Lifespan of a Strata French Drain system in the Fraser Valley

Offering reliable landscaping services to homeowners in British Columbia since 2013

Picture of Natasha Maerz

Natasha Maerz

Owner/Office Manager

When having a French Drain system installed in a townhouse or condo complex, you want to make sure that this project is done once to avoid having to pay for another system, and deal with the mess and noise twice. Your residents are counting on their French Drain to work for the remainder of their time residing in the complex, and future residents will be ecstatic that they do not need to worry about drainage problems.

How long a French Drain lasts in a strata complex before it needs to be completely replaced is based off of what pipe was used in the system, if the system uses filter fabric, and what the French Drain trench is backfilled with.

How do we know? We are French Drain experts and the only company in the Fraser Valley to use Baughman Tile for our French Drain systems. 

 Table of Contents:

  • Lifespan vs Maintenance of a French Drain System in a Townhouse/Condo complex
  • Longevity of a Townhouse or condo French Drain System
  • Should I use Filter Fabric in my French Drain System?
  • Soil vs. Round rock for a French Drain installation
  • French Drain Drainage pipe: Big-O, Perforated PVC, Baughman Tile
  • How long does each system last?

Lifespan vs Maintenance of a French Drain System in a Townhouse/Condo complex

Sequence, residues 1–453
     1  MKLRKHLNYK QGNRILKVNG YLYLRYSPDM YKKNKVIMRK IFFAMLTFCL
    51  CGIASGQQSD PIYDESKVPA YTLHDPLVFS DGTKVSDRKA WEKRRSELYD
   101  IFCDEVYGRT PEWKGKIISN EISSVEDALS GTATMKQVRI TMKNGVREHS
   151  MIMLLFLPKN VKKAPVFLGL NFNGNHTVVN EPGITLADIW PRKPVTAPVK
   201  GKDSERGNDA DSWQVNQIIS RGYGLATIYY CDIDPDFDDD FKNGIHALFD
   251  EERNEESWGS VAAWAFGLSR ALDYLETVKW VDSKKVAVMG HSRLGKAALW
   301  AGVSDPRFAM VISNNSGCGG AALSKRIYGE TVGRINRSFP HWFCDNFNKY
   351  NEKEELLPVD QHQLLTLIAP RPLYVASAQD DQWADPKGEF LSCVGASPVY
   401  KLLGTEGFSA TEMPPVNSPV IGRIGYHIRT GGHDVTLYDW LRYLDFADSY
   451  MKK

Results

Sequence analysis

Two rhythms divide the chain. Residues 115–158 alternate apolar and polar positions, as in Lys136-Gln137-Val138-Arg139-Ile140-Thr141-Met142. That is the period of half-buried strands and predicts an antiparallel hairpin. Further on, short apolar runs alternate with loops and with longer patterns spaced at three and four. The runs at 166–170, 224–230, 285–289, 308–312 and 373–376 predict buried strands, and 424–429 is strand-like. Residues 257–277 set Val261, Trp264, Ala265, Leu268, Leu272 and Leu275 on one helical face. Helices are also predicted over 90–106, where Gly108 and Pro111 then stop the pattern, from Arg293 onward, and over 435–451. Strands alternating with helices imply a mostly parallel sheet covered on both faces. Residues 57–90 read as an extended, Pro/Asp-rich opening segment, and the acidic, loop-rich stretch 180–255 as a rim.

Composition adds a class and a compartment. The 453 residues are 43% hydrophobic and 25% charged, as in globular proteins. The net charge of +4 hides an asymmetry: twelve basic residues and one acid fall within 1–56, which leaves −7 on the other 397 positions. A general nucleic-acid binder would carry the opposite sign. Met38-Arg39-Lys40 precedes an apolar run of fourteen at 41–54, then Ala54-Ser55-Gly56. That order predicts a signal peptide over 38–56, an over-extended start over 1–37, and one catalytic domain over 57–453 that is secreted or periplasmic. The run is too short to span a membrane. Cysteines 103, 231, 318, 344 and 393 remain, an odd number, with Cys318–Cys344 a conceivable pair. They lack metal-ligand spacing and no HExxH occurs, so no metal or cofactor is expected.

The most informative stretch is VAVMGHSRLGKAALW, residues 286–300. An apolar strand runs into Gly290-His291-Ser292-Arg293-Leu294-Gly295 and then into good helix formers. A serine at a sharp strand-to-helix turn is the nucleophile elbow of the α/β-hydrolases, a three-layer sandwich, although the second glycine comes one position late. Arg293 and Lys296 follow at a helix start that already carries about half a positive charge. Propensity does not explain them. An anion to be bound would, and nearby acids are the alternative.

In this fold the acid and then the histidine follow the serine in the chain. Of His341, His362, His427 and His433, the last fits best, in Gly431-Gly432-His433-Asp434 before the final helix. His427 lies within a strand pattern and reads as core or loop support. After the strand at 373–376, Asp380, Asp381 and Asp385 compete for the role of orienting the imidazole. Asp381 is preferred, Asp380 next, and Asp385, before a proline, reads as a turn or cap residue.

While all French Drains require some maintenance, the “best” systems will need less, and will last substantially longer than others. Unfortunately, you cannot maintain a system indefinitely. When choosing which type of French Drain system you are having installed, keep in mind that each system is going to need to be maintained differently, and that the materials, and methods used to instal the drain are going to be what determines its lifespan.  


Longevity of a Townhouse or condo French Drain System

Should I use Filter Fabric in my French Drain System?

Filter fabric plays a big role in how long a French Drain system will last. It is used to keep soil from getting into your trench and mixing with the round rock inside. This is important, because keeping the round rock clean is essential to keeping the void space in your trench open. Your trench needs void space to allow air to move openly around the trench, therefore creating an underground drying effect.

 If your system does not have any fabric, the French drain will run into an issue of its pipe being clogged with dirt and debris. This dirt clogs up the pipe, and water will have a harder time getting to its discharge area. Putting in a tested filter fabric will protect your pipe from getting clogged, and move the water in your trench faster.